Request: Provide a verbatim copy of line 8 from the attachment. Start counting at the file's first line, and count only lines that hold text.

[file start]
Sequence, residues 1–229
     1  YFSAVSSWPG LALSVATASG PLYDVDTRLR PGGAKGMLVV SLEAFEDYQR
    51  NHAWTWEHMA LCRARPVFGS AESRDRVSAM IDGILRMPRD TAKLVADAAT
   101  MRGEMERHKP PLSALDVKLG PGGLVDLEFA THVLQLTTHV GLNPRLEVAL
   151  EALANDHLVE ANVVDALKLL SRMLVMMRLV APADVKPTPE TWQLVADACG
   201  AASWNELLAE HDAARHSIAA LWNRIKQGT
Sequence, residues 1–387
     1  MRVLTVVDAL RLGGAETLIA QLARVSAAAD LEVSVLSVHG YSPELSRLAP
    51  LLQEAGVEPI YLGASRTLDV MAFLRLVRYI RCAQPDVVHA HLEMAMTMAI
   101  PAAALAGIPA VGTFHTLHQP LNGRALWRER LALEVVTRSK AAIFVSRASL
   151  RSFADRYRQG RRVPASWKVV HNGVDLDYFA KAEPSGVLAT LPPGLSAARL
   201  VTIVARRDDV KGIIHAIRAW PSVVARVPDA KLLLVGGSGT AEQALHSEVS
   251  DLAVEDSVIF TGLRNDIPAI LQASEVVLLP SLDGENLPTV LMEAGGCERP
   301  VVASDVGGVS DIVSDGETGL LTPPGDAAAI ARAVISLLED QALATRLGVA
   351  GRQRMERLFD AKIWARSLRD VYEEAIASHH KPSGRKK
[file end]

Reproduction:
     1  MRVLTVVDAL RLGGAETLIA QLARVSAAAD LEVSVLSVHG YSPELSRLAP